• And here we are, considering fictional characters as real people.
  • I had been waiting for the labyrinth. It was cool that she had a pendant created so she was able to study it. Probably not a hidden hint that the map was going to be important but I was impatient for it and an explanation for whatever happened to Jacko. All those little insertions of story points that we know are bound to be important – like Aunti Eilísh chatting with the not-quite-Jacko and telling Ed about it.

I’m honored you’re telling me all this, Eilísh, honestly – but why are you telling me all this?
I’m being told to.
Who . . . who by?
By the Script.
What script?

  • Who wrote the Script??!??!?!?!  It did come up again, didn’t it? or is my memory faulty already?
  • I always rate good books higher when I’ve enjoyed a terrific readalong experience. This is no different. And I’m also going to rate this higher because of the many excellent pie references. MANY. LOTS. STRATEGIC. PLOT-PIVOTAL. Entertaining PIE REFERENCES. This David Mitchell guy might be studying Stephen King (#ifyouknowhatImean #butofcourseyoudon’tsoletmetellyou. King always has great pie quotes in his books.) I’ll just share ’em. Some are unpleasant but still awesome. Here they are!  The last one is AMAZING!
  • But wait — before I start the pie quotes, I want to disavow any hint I might have dropped that this isn’t a great book unless it has pie and was read as a readalong. I rate books by my reaction to them and so this is my rating. I do think it a really good book.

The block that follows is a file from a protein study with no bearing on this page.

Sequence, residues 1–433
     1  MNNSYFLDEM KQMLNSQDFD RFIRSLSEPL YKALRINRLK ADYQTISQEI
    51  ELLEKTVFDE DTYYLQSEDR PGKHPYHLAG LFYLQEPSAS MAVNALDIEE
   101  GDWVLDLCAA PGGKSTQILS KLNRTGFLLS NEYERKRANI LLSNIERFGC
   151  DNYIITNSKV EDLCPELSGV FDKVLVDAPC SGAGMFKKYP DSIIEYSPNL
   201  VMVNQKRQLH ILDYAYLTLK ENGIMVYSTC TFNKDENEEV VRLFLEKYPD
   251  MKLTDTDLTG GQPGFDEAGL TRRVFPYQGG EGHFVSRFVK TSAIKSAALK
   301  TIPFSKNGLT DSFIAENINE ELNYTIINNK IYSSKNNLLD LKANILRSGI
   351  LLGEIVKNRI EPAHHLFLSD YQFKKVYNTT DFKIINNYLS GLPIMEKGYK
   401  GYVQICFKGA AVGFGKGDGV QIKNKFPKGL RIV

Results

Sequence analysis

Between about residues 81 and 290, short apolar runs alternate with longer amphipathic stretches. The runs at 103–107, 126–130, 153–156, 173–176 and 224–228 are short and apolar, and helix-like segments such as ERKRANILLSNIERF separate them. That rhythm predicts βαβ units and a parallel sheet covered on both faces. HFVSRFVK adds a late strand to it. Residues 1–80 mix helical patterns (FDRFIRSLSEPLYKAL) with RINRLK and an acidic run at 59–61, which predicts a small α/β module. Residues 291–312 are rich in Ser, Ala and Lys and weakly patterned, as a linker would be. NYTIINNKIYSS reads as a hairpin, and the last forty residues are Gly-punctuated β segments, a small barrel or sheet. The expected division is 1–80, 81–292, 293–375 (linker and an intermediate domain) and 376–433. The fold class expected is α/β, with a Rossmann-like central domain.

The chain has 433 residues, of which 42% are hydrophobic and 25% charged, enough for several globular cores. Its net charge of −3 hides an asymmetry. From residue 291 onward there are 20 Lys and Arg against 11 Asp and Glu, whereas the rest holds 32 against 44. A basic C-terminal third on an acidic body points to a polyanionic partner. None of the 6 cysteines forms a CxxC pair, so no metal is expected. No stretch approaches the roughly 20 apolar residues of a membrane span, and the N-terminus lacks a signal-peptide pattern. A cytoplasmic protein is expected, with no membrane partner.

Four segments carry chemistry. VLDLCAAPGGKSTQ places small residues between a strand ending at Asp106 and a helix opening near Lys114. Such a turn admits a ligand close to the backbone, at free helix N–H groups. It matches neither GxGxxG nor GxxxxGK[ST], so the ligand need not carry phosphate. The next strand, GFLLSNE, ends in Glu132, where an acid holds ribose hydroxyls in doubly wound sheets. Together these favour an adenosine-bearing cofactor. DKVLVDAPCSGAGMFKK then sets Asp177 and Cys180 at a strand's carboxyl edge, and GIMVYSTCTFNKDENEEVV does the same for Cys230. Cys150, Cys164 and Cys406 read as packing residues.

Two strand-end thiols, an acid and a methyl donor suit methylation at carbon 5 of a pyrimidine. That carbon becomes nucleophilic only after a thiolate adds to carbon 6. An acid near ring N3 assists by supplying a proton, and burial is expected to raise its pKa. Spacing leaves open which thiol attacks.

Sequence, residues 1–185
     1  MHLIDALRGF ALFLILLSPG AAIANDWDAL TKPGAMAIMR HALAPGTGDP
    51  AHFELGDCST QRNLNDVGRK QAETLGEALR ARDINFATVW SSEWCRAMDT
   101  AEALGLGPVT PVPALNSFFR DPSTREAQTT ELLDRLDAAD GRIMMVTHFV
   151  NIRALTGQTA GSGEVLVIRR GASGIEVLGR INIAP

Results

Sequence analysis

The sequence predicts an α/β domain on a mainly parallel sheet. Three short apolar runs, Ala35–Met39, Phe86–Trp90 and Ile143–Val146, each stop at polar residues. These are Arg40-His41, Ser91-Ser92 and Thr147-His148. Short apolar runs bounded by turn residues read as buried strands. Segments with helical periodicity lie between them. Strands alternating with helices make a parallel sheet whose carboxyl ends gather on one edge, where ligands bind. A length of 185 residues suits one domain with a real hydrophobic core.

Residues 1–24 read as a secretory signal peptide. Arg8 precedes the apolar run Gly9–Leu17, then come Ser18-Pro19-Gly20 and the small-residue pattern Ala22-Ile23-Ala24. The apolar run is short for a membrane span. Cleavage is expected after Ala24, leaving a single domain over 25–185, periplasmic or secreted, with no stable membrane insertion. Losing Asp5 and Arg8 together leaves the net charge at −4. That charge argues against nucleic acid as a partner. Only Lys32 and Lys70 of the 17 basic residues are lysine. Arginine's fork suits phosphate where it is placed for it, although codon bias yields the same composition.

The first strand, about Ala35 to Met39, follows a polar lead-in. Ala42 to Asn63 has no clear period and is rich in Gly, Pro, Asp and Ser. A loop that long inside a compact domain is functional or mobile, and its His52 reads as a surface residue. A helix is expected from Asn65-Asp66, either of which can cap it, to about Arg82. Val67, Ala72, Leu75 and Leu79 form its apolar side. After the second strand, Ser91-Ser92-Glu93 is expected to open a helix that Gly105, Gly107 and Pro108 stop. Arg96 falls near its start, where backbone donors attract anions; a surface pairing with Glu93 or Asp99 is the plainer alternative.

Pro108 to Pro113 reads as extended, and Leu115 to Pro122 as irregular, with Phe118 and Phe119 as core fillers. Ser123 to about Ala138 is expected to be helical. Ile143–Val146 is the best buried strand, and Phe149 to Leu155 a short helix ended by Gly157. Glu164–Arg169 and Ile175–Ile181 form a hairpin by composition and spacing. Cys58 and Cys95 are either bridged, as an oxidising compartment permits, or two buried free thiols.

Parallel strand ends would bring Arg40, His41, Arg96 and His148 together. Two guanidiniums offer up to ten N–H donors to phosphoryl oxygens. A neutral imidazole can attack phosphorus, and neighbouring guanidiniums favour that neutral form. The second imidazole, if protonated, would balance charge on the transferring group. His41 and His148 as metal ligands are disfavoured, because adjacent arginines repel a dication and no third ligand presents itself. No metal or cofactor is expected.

• Who’s up for SLADE HOUSE? (Who has read this far?)

The PIE

page 13 2.08% “I’ll make scones and plum pies and coffee cakes and Vinny’ll be all, “Jesus, Holly, how did I ever get by without you?”
page 17 2.72% “Mam’ll make me steaming shit pie, dripping in shit gravy, and sit there smug as hell watching me eat every shitty morsel, and from now until the end of time, if ever I’m anything less than yes – sir – no – sir – three – bags – full – sir, she’ll bring up the Vinny Costello Incident.”
page 40 6.41%American Pie” song
page 68 10.9% “Somewhere in the July 2 bit of the A Hot Spell chapter is a reference to a “pie in the sky“. Too busy walking two dogs listening to audiobook to clip/note.
page 149 23.88% “Chetwynd-Pitt, Quinn and Fitzimmons have eaten – – Günter’s daube, a beef stew, and a wedge of apple pie with cinnamon sauce – and have started on the cocktails which, thanks to my lost bet, I have the honor of buying for Chetwynd-Pitt.”
page 446 71.4% “Do you remember, Doctor, we grew rhubarb at Dawkins Hospital? I remember the pies,” I tell him.
page 540 86.5% “Holly drops the thing. ‘Rolling pin’. Where did you find a rolling pin in here? ‘I nicked it from your kitchen at 119A.’
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RATING: Five slices of pie.